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Old 05-08-2018, 09:36 PM
 
24,757 posts, read 26,824,957 times
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Quote:
Originally Posted by Ceece View Post
We put regulations on how much automation is allowed. At least that what I'd do if I were Supreme Ruler Of All Things because I understand humans need a purpose and a challenge and something to do with their minds and bodies. It would pretty much be my goal to make sure we didn't automate ourselves out of existence. And it should be the goal of whoever is running the show.
Unfortunately, the goal is the opposite of the bolded. The goal of those running the show is to enslave humanity from every which way. Capitalism/socialism and all the other "isms" are just used as different tools to enslave people.
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Old 05-09-2018, 06:44 AM
 
5,603 posts, read 4,214,284 times
Reputation: 10567
Quote:
Originally Posted by dollar psf View Post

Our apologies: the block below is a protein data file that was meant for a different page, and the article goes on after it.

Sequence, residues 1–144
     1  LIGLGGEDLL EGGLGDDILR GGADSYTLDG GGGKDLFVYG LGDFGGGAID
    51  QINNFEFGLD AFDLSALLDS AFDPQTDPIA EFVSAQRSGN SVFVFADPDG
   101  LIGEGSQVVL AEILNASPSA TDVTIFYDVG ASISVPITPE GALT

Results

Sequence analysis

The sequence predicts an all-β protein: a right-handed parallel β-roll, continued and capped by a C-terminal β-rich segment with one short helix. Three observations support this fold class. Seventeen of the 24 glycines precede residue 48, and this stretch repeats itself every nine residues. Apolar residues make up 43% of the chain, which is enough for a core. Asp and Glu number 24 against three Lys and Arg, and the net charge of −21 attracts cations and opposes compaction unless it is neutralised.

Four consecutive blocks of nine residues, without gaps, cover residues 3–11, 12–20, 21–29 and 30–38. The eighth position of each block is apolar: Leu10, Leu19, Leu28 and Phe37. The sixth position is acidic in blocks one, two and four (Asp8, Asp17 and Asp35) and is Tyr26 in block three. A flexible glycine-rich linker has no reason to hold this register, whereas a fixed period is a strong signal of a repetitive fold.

........
On average, the IQ for chronic juvenile offenders is 92, about half a standard deviation below the population mean. For chronic adult offenders, however, the average IQ is 85, 1 standard deviation below the population mean. A study of Texas inmates who entered the prison system in 2002 indicated that approximately 23% of the inmates scored below 80, almost 69% scored between 80 and 109, and only 9.6% scored above 110
The numbers show that a correlation with criminal convictions and low IQ is very weak. The vast majority of inmates had normal or above average IQ. If you look at success you will find the same thing. Higher IQ is weakly correlated with success, but the vast majority of successful people fall into the range of average IQ.


A person with average or above average IQ can end up in jail or become a success. Sadly there is a point where a small percentage of the population is limited by mental retardation. That in no way means that the other 90 plus percent of the population cannot learn and develop knowledge and skills important for the workplace and for living.